This article will take a quick look at the MariaDB, the only database alternative to MySQL for WordPress sites.
Here is mariadb.com, the enterprise version of MariaDB’s value proposition: “Trusted by organizations like Deutsche Bank, DBS Bank, Nasdaq, Red Hat, ServiceNow, Verizon, and Walgreens – MariaDB meets the same core requirements as proprietary databases but at a fraction of the cost.”
What is MariaDB?
According to the MariaDB Foundation, provider of the open-source version used by WordPress, “MariaDB Server is one of the most popular open-source relational databases. It’s made by the original developers of MySQL and guaranteed to stay open source. It is part of most cloud offerings and the default in most Linux distributions.
It is built upon the values of performance, stability, and openness, and MariaDB Foundation ensures contributions will be accepted on technical merit.”
As mentioned at the beginning of the article, MariaDB is an open-source fork of MySQL. It was developed by the original MySQL developers, lead by “Monty” Widenius. Subsequently, it was accepted and maintained by the open-source community as an “improved” alternative to MySQL.
Although MySQL is also an open-source project, since Oracle owns it, some open-source proponents distrust it. These worries have prompted some migration to MariaDB. They were also the impetus for Widenius to leave MySQL and create MariaDB in the first place.
MariaDB was first released in October 2009, with version 5.1.38 Beta, based on MySQL 5.1.38.
Since then, MariaDB continued to develop. In 2012 with a set of new features, MariaDB jumped from 5.* version number, comparable to MySQL, to 10.0. This updated numbering was to showcase the leap in features it had achieved. The latest release is version 10.5.3.
How does MariaDB Work?
This diagram courtesy of WP Explorer illustrates the data flow of a WordPress site and how it interacts with a MariaDB database.
When a visitor goes to your site, the WordPress core queries the database. The database then returns the requested data. WordPress core combines the retrieved data and executes its PHP code to dynamically generate an HTML page. That page is served to your visitor’s browser.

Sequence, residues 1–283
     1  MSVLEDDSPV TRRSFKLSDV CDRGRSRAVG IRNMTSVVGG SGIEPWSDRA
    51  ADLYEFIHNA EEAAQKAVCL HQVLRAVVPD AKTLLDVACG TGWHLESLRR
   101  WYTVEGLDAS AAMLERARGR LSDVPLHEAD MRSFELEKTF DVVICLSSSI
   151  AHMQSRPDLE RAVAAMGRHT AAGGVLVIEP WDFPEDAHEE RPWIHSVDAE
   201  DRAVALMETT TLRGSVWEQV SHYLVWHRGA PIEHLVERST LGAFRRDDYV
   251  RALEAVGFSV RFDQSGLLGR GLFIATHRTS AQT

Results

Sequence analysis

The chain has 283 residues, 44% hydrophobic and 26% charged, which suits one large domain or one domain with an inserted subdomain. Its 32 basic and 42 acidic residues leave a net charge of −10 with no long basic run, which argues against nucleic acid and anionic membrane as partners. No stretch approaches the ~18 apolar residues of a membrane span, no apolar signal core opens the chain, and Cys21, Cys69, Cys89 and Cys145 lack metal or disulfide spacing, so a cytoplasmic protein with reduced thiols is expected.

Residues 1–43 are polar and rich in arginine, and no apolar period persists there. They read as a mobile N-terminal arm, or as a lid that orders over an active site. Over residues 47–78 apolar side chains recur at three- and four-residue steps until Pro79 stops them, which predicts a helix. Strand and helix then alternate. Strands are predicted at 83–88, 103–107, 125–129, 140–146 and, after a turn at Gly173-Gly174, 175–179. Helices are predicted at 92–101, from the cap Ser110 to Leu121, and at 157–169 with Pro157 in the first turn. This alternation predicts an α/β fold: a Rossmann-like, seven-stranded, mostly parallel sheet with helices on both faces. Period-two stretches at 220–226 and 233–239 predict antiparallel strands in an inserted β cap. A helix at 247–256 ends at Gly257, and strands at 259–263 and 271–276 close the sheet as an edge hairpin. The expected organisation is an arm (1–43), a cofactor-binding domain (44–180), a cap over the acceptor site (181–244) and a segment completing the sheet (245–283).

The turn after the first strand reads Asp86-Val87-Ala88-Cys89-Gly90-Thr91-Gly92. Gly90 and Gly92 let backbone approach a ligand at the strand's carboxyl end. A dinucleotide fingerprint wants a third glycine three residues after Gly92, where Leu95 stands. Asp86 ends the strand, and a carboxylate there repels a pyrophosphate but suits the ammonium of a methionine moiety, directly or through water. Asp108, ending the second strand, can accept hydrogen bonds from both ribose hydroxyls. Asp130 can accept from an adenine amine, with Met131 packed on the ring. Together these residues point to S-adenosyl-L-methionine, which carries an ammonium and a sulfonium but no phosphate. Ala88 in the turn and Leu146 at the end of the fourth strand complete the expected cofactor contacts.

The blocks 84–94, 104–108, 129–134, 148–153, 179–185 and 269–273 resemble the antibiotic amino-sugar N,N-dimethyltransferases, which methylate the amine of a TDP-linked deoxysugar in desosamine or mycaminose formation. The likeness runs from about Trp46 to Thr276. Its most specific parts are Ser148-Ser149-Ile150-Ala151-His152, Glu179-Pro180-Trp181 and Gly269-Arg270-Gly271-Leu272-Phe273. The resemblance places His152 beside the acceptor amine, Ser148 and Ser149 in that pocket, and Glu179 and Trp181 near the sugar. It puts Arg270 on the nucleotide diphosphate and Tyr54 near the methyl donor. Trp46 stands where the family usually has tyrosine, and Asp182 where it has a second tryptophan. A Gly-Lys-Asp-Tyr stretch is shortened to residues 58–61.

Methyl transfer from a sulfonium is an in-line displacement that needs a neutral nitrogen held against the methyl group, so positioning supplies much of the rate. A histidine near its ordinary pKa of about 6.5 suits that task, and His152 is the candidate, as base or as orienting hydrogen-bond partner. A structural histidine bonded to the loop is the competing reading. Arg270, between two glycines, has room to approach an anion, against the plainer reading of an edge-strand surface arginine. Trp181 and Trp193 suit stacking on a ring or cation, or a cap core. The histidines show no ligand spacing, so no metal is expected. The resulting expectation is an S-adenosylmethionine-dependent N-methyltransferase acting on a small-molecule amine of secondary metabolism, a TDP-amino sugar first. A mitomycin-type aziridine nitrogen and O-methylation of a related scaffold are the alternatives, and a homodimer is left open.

MariaDB vs. MySQL
Despite MariaDB being a fork of MySQL, these two database management systems have some differences:
- MariaDB has a full GPL license while MySQL has a dual-license.
- Each one handles thread pools differently.
- MariaDB supports multiple storage engines.
- In some situations, MariaDB provides better performance.
A complete list of differences is available in the link for MariaDB vs. MySQL in the resources section at the end of this article.
MariaDB was built as a “drop-in” replacement to allow all users of MySQL to exchange one for the other on their systems.
Replacing MySQL with MariaDB is a natural process for most applications, including WordPress. Software, from popular CMS tools to apps like phpMyAdmin, works out of the box, and data exports and imports from one to the other without any changes.
MariaDB’s vows to maintain compatibility with MySQL.
- Filenames, binaries, and paths are the same on both.
- Their data and table definition files are compatible.
- Ports and sockets are the same.
- All client APIs and protocols are compatible.
- All MySQL connectors including PHP work with MariaDB.
- MySQL client package works interchangeably with MariaDB.
MariaDB conducts monthly merges to ensure compatibility and to get new features and bug fixes from Oracle.
In my opinion, most WordPress sites don’t require the added complexity and potential cost of using MariaDB. However, if you are a large enterprise with demands for more extensive functionality in a database, it is a good solution. If that is the case, be sure to check out the links in this article.
If you want the in-depth details of MariaDB vs. other enterprise-level databases, including MySQL, check out the link below in resources. Just remember that only MySQL and MariaDB databases work with WordPress.
- MariaDB Foundation – https://mariadb.org/
- MariaDB Documentation – https://mariadb.org/documentation/
- How to install and run WordPress with MariaDB – https://mariadb.com/resources/blog/how-to-install-and-run-wordpress-with-mariadb/
- MariaDB vs. MySQL – https://mariadb.com/kb/en/mariadb-vs-mysql-features/
- MariaDB vs. Oracle, Microsoft MySQL, and IBM – https://mariadb.com/database-topics/competitive-proprietary-comparison/